Could a 90s-Style Summer Teach Children Patience?

5 mins

Today’s instant lifestyle has created an impatient generation but could rewinding back to the 90s help our kids enjoy the simple things in life?

If you’re a millennial, your childhood summers were pumped with Girl Power and Return of the Mack. In the 90s you borrowed CDs and recorded songs onto cassette, memorising all the lyrics printed inside the album sleeve. And if you were grounded and forced to stay inside watching TV, your friends were glued to the exact same thing (cue theme to The Fresh Prince of Bel Air).

Trends from previous decades come and go, especially with fashion and music. Inspiration is taken from icons and legends, revitalised to suit the modern era with a nod to its original genius. Look around. Young people are rocking a 90s clothing revival and Friends merchandise is so down-with-the-kids, it’s retro-classic. But what about lifestyle?

When I was little I dreamed of a sci-fi world where I could watch anything, anywhere, anytime. But back in the 1990s that seemed absurd

Many millennials with memories of Ross and Co and Britney’s breakthrough are now parents. Without trying to sound like an old fuddy-duddy, it’s safe to say, things ain’t like what they used to be. The world has cranked up a fair few notches and smashed into gear with its foot hitting the accelerator hard. I remember getting a mini portable TV for Christmas in the 90s. It was the size of a Gameboy and operated on four AA batteries with a long aerial. Getting a decent picture took forever, and by the time I’d tuned into Neighbours, the Six O’clock News had started and the batteries had worn out. I dreamed of a sci-fi world where I could watch anything, anywhere, anytime. But that seemed absurd.

Now, bang in the middle of summer 2022, children are on a remarkably different wavelength to us Kids of the 90s. Little ones struggle with the never-ending list of choices on offer. It’s created a generation of impatience. Screen-time is met with arguments – either what to watch or when to stop – and our attention spans have reduced thanks to the diversity of on-demand.

Kids can get anything – anything – with one touch. I remember desperately wanting to watch Who Framed Roger Rabbit? after loving it at the cinema, so I recorded the ‘making of’ documentary, watching it on repeat just to catch a glimpse of any actual scenes.

So what if we gave our children a 90s-style summer? Rather than book them into a gazillion over-priced activities and obsess about which YouTuber to zone out to, let’s recreate some of the things we did during the holidays. Sadly, playing in the street is no longer much of an option. We’ve been forced into becoming more vigilant these days. But we can step back from the rush of technology. We can simplify.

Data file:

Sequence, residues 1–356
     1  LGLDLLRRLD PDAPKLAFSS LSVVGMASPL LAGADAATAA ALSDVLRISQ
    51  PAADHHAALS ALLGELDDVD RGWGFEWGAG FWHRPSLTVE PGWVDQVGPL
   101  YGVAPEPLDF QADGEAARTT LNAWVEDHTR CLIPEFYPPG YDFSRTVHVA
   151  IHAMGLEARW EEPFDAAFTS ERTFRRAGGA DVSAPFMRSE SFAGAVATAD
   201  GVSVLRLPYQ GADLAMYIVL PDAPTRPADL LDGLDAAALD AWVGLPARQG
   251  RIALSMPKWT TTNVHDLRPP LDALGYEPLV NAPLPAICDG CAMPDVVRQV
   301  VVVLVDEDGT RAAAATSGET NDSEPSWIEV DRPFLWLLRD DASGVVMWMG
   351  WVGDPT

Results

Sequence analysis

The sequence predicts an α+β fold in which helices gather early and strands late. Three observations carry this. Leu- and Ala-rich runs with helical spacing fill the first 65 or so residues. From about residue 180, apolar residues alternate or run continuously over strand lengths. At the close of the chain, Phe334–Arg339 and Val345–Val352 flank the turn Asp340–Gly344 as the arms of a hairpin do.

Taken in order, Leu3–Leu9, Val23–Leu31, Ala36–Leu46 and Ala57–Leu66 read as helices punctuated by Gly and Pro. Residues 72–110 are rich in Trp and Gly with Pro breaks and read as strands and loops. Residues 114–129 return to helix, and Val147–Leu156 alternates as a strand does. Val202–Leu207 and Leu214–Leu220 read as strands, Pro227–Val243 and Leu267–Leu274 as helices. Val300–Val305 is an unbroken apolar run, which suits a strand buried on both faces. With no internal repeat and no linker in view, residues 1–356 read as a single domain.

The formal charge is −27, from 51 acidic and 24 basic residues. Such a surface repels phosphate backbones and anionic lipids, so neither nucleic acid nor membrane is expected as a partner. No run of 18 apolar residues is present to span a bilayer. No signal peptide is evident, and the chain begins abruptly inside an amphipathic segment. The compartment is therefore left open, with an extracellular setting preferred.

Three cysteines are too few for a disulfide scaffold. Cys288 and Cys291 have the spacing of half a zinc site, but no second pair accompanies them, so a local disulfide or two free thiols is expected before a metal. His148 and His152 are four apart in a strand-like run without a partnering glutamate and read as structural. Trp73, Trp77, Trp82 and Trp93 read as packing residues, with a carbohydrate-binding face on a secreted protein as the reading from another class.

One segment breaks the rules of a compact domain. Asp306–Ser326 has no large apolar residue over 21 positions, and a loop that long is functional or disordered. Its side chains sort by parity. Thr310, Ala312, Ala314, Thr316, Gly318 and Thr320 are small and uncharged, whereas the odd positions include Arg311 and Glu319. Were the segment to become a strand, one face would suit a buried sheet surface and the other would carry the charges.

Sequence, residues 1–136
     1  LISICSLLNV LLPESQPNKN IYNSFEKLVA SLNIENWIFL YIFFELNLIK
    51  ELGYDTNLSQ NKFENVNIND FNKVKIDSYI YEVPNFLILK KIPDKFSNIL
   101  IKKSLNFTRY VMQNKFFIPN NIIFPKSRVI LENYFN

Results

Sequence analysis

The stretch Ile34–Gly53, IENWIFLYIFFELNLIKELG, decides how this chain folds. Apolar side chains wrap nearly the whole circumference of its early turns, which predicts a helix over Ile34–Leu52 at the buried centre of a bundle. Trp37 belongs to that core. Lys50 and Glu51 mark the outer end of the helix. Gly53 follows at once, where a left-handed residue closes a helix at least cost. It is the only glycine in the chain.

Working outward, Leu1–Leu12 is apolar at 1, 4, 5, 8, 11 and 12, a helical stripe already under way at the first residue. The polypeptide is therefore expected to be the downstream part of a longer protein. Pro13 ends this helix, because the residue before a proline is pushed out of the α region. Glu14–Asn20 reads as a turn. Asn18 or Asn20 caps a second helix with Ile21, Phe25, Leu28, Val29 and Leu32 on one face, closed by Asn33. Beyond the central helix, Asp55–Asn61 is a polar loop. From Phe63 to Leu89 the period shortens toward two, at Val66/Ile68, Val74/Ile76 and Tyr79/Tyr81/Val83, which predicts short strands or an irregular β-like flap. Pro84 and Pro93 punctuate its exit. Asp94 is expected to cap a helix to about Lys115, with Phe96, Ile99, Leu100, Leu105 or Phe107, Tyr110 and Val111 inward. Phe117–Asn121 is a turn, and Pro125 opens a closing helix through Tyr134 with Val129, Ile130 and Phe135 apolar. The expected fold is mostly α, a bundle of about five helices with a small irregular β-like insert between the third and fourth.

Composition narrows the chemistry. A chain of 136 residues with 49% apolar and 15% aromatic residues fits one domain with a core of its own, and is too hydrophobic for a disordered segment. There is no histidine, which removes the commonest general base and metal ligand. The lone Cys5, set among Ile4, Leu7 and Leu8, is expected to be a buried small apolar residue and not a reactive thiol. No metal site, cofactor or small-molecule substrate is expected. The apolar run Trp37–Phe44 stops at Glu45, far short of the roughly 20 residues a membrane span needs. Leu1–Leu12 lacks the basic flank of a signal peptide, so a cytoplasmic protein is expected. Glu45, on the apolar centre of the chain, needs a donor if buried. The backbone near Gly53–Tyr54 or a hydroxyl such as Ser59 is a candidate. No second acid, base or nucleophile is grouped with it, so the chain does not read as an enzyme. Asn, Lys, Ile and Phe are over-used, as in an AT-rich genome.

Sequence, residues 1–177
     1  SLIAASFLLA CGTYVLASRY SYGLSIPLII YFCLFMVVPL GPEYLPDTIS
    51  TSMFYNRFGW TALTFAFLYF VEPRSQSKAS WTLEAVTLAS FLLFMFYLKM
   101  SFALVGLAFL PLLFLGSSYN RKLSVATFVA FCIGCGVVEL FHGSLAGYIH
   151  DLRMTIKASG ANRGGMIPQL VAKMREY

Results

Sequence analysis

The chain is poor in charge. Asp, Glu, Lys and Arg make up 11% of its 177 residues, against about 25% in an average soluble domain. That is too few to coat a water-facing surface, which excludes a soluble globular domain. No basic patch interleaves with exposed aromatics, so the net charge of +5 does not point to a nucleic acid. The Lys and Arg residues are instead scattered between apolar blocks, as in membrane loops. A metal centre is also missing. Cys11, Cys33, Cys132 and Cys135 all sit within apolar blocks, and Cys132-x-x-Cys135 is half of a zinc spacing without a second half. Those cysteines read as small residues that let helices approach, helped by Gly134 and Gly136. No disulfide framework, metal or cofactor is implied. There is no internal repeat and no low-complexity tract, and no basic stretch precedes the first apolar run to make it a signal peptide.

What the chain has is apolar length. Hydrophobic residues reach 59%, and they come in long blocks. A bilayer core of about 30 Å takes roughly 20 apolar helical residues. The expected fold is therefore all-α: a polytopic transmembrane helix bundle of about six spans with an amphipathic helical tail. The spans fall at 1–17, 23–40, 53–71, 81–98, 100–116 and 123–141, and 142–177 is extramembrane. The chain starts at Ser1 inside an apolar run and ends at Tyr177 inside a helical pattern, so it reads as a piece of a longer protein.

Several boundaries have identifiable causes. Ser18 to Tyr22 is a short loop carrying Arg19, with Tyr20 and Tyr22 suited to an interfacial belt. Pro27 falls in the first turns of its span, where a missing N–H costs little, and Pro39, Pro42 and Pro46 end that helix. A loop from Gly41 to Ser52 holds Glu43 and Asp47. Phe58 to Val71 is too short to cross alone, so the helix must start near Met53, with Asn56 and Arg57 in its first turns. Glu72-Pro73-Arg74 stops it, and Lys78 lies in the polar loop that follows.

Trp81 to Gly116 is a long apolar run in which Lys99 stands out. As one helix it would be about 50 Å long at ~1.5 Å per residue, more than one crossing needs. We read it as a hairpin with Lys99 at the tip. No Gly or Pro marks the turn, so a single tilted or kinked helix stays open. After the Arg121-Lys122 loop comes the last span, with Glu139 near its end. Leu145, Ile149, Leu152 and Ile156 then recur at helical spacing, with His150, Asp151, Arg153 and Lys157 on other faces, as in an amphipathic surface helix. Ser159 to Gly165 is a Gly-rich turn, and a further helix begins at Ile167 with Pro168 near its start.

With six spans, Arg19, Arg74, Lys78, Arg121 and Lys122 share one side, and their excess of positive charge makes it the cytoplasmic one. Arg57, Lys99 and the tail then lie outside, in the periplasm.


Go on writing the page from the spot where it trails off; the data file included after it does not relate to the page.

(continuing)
It’s OK to be Bored

When I was a kid and got bored, I found some paper and drew pictures. I cut out shapes of empty cereal boxes and made stuff using sticky tape. I lay on my bed and read a book. I sometimes looked out of the window and just daydreamed. I tried out new hairstyles and raided my mum’s old earrings box. I practised some dance moves. Handstands. Being ‘bored’ is so underrated. And don’t go to Instagram for ideas; kids need the motivation of boredom itself to unleash their creativity.

Nipping to the Shops

A post-Covid world has made online shopping our most natural instinct when it comes to needing stuff. Our kids won’t remember going into a shop if we don’t drag them along. And yes, I mean, drag. My mum dragged me around many shops because there was nowhere else to leave me. It wasn’t all bad. Unless the shop was Carpetworld (yawn). It was bonding time and we’d always stop somewhere fun for lunch. Shopping meant exercise, chit-chat and imaginary play (beneath the clothing rails). Plus, if I showed a decent level of patience, I’d get a little treat. A pencil case or a chocolate bar. And that kinda stuff goes a long way with kids.

african american woman pointing by finger at pastry to little daughter in grocery store


We rarely receive a postcard, but everywhere still sells them! Buy a few stamps and let your kids choose some postcards, perhaps while browsing a bookshop. Let them decide who they’d love to send them to, then write them together and post. Not only is this a lovely activity but it has a fabulous end goal, guaranteed to make the person on the receiving end smile.

Talk on the Phone

Try this as a summer family challenge. Don’t text or message, FaceTime or Zoom. Always call whoever you need to speak to. Let your kids hear you speaking instead of staring and stressing at your smartphone. If it’s friends or family, pass the phone around and enjoy the simplicity of chatting; no embarrassing camera angles, no bad wifi, no awkward typos!

Mid adult father silencing his daughter while talking on mobile phone and working at home.

Be a Lazy Parent

Take the pressure off. You spend the whole year juggling work with school pick ups and jam-packing weekends with activities and socialising. Kids today do A LOT. So turn on the sprinkler and let them run into the garden while you do whatever you need to do. Make scrambled eggs for tea. Let them stay up and crash out, rather than bath and books at bedtime. Host a sleepover with torches and blankets and popcorn (and you’ll get a break when the other parents return the favour). Choose your favourite 90s childhood movie and watch with your kids, again and again. Honey I Shrunk the Kids gets my vote!

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